Mutual fund distributors and manufacturers have traditionally been separate entities. As a result, sales and servicing data are generally stored on different systems at fund companies and their service providers. The limitations of proprietary servicing applications make the free flow of information to and from multiple platforms a challenge for the industry. In particular, the difficulty of sharing between the back office and front office compromises the efforts of financial advisors, who increasingly play a significant role in managing customer relationships.
Until recently, the goal of sales and servicing data integration was to enable financial advisors to strengthen relationships with clients, ultimately leading to increased fund sales. Now, funds and their broker-dealer partners have a more urgent purpose driving their efforts: compliance with Securities and Exchange Commission (SEC) regulations regarding market timing, breakpoints, revenue sharing and other activities that came under intense scrutiny over the last year.
Funds carry a heavy compliance burden, one that requires them to establish written policies and procedures addressing the requirements of several new and existing federal securities regulations - and to oversee compliance by transfer agents, principal underwriters (brokers) and other service providers.
PFPC offers its transfer agency and subaccounting clients the ability to accurately identify and impose fees and other penalties on short-term traders. Through new offerings integrated within its Global Enterprise PlatformSM, PFPC also offers the capability to compile data from multiple locations, including wrap and brokerage accounts, and apply pre-defined business rules to better position fund companies to comply with securities laws, regulations and fund company policies.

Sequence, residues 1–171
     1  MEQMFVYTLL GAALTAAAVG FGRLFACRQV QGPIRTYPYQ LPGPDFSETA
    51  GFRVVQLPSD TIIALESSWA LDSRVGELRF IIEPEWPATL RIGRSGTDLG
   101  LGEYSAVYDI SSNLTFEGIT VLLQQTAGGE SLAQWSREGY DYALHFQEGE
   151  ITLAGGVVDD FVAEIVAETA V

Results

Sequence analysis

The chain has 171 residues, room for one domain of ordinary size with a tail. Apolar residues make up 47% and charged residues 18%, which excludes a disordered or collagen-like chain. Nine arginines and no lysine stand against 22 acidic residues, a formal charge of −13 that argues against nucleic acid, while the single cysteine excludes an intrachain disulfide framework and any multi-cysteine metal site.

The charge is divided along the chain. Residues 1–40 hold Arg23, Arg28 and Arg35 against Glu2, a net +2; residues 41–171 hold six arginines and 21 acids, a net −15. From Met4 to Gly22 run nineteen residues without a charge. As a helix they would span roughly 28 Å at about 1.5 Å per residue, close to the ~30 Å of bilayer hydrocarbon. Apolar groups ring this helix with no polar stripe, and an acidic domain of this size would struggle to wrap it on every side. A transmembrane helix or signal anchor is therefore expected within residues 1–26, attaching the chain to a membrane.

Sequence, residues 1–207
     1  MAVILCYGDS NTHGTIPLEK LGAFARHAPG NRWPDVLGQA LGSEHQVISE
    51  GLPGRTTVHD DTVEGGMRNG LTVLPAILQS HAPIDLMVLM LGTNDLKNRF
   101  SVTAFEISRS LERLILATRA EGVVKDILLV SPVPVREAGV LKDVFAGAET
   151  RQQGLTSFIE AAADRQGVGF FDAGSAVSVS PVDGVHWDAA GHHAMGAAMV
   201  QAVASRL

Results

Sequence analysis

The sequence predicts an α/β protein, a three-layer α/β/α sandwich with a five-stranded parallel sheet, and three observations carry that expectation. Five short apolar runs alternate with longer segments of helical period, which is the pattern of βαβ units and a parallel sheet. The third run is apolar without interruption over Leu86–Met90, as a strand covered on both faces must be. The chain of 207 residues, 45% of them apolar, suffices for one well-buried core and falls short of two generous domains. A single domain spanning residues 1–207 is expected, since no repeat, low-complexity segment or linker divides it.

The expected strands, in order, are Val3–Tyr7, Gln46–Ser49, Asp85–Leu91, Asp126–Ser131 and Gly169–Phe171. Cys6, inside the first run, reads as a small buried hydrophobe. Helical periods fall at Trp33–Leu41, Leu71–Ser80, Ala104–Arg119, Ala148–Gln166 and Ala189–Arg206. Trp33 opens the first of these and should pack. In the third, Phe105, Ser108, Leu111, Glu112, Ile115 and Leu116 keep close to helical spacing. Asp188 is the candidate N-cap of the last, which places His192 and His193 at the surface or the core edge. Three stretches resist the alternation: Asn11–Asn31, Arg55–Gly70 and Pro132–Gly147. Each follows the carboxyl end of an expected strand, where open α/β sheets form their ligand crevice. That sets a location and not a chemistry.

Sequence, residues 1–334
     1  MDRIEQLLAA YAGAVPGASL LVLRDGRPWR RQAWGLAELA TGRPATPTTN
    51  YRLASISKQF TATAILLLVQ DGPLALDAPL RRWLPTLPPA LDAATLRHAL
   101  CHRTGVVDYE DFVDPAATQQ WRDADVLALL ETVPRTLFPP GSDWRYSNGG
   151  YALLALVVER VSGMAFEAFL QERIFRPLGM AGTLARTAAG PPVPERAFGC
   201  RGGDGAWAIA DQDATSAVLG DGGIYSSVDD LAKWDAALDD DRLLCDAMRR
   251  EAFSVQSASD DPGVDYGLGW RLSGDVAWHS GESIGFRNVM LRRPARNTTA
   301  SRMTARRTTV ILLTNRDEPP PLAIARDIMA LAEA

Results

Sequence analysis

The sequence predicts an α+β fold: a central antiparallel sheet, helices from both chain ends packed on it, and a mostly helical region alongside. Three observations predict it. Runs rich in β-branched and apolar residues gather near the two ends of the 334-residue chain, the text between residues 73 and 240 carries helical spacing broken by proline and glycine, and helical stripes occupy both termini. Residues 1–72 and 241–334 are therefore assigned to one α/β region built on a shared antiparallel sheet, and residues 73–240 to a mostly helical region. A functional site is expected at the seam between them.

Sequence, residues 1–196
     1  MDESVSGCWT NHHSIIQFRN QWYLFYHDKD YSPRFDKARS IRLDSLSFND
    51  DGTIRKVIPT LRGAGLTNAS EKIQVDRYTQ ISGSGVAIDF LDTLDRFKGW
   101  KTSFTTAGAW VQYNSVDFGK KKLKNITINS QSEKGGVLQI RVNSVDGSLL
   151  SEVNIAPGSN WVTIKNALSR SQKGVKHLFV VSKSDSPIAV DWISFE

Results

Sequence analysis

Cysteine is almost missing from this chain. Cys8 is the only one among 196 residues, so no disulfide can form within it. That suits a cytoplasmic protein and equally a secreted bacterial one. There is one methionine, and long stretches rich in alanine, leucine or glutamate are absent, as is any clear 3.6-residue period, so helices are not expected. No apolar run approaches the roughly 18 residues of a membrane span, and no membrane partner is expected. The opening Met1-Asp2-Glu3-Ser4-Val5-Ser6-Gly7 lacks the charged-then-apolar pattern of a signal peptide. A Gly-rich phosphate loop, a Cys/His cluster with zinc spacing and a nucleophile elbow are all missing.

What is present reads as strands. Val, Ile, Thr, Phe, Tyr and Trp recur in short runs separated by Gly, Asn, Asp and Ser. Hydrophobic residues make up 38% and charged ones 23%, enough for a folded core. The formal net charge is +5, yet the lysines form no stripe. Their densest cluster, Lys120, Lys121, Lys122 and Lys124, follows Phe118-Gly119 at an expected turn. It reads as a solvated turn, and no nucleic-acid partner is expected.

One of the keys to PFPC's strategy is that the open architecture offered by the Global Enterprise Platform (GEP) enables the integration of shareholder account information from multiple back-office servicing platforms with data from industry-standard sales systems (such as ACS, SalesPageTM and SalesVisionTM). This information can be stored and made available through customer relationship management (CRM) applications for use by key account managers or inside wholesalers at the fund who are in contact with the financial advisor.
SEC regulations require advisors and funds to monitor sales activities and identify accounts with suspicious activity. By integrating sales and service data and making it available through a consolidated,Web-based front-end at the fund company, key account managers can make advisors aware of potential violations. For example, if an advisor has just completed three round-trip exchanges in a fund that allows only four exchanges per quarter, the key account manager can alert the advisor, who may not be aware of the impending violation.
PFPC has earned an industry reputation for its ability to adeptly manage vast quantities of data and extract value for funds from their shareholder information. PFPC's market timing detection and deterrence capability is distinguished by its accuracy and customization capability - which adjusts holding periods for each fund, share class or account type, per each fund prospectus.